The MSA was reached by attorneys general of 46 states and the tobacco industry in 1998. The MSA called for limits on Big Tobacco advertising, and funding for tobacco prevention and control. ALF was created as a result.
ALFs’ review of tobacco in movies and their trailers found that smoking occurred in 85 percent of R-rated movies, 64 percent of PG-13-rated movies and 37 percent of PG-rated movies.
The ALA of Sacramento-Emigrant Trails has gone beyond the annual “Hackademy Awards” and report cards to launch a Web site called SceneSmoking.com. The site reviews current releases for their tobacco use and assigns each a “lung rating” of pink, light grey, dark grey and black.
From May 2002 to May 2003, the site found that 82 percent of PG-13 films contained tobacco use, whereas 76 percent of R-rated films showed tobacco, Mitchell said.
Dr. Stanton A. Glantz, professor of medicine at the University of California, San Francisco, heads the Smoke Free Movies campaign. The campaign recently took out ads at the Cannes Film Festival, in the New York Times and in the Hollywood trade publication Variety.
“The film industry must stop promoting tobacco immediately,” read part of one of the ads. “Or else, as happened to the tobacco industry, moral culpability will become legal liability.”
The campaign has been snowballing, Glantz told EthicsDaily.com.
“It’s engaged the public, and it’s engaged a lot of people all over the world on this issue,” he said, noting that Web site traffic and media attention have been steadily growing. Furthermore, his Center for Tobacco Control, Research and Education has just been named a WHO collaborating center.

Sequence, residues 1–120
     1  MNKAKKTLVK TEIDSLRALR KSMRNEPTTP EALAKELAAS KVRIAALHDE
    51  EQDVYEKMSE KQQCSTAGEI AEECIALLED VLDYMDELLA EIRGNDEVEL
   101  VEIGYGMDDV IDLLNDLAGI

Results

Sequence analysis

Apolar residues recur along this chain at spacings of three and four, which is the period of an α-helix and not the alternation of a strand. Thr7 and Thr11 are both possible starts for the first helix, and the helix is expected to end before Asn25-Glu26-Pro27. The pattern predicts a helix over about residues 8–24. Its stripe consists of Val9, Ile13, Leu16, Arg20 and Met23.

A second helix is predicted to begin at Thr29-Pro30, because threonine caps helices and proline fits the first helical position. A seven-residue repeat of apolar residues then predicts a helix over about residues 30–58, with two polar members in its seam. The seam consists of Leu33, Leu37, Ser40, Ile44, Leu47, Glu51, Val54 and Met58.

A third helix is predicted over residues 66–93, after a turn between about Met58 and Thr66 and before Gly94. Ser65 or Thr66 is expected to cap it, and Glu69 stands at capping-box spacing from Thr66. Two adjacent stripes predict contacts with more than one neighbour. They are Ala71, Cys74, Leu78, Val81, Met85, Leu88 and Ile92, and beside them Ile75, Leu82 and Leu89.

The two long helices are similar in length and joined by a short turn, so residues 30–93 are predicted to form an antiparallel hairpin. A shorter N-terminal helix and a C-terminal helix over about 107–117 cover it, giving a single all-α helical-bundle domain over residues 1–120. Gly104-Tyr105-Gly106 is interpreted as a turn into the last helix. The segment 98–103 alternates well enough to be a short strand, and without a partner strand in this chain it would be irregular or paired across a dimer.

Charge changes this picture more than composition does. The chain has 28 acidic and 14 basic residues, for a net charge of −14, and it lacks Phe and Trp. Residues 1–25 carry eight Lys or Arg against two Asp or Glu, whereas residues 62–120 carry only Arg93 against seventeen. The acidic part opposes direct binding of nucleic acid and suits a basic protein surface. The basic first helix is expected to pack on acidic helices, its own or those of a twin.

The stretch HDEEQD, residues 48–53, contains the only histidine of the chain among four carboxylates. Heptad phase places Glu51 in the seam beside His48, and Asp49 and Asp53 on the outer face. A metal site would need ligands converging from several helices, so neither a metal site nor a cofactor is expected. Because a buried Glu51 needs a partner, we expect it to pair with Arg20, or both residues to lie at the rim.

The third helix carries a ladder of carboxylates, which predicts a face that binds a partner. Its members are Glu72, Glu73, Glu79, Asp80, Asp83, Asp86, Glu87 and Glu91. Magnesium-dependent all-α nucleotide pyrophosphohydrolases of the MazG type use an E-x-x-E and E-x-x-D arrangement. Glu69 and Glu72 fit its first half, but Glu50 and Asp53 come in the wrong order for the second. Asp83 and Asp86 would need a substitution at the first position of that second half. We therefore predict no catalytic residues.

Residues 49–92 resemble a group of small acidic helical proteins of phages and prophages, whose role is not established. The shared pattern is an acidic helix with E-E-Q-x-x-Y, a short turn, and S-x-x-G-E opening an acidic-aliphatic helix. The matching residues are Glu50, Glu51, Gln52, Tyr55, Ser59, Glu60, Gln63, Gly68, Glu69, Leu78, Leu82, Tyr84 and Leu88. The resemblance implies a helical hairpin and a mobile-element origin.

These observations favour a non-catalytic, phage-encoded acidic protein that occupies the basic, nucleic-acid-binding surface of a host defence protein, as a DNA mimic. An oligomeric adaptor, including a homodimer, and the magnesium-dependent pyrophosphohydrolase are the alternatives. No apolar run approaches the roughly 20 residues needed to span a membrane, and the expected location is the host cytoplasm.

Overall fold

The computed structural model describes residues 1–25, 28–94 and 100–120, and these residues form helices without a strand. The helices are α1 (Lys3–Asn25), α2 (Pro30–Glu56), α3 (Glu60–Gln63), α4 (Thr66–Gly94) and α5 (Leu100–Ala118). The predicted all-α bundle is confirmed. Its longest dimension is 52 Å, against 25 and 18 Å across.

“The wind is blowing in our direction pretty strong,” he said.
Glantz’s campaign has developed four measures—endorsed by WHO, ALF and other groups—it would like to see the film industry embrace:
- certify, via a film’s closing credits, that no one involved in the film received anything of value for promoting tobacco;
- preface all tobacco-use films with strong anti-smoking ads;
- stop identifying tobacco brands in the movies;
- and give movies with tobacco use an R rating.
Glantz said getting the R rating for tobacco use is the most important.
“The more kids see, the more likely they are to smoke,” he said. The R rating, he believes, would cut kids’ exposure to tobacco.
The ALA’s Mitchell agreed: “It’s easy access for our kids to see those movies, and we’re finding that tobacco use is in them.”
“Just put the label on there so that parents are aware that there’s smoking in this film,” she said. “It’s a very simple issue to put that on there.”
But Glantz still envisions a tough battle with Hollywood.
“The tobacco industry is still the dominant social and political force in Hollywood,” he said, adding that Hollywood and Washington are the only two places still welcoming Big Tobacco.
Glantz said the Hollywood establishment is “stonewalling” efforts to decrease tobacco exposure on film. But, he said the establishment has moved from “ridiculing” his efforts to “not talking.”
Because tobacco use is still caught on film, part of the defense—in addition to changing policies—involves media literacy.
The Centers for Disease Control oversees an educational program called Smoke Screeners, which aims to teach media literacy to youngsters in hopes that they will discern images of tobacco use they see in movies on television.
Smoke Screeners wants to help children see how smoking images are both normalized and glamorized—before it’s too late.
“When young people begin experimenting with tobacco, they are vulnerable to addiction before they get the facts,” reads the Smoke Screeners packet. “And, once they make the decision to use tobacco, the habit can last a lifetime.”
Cliff Vaughn is culture editor for EthicsDaily.com.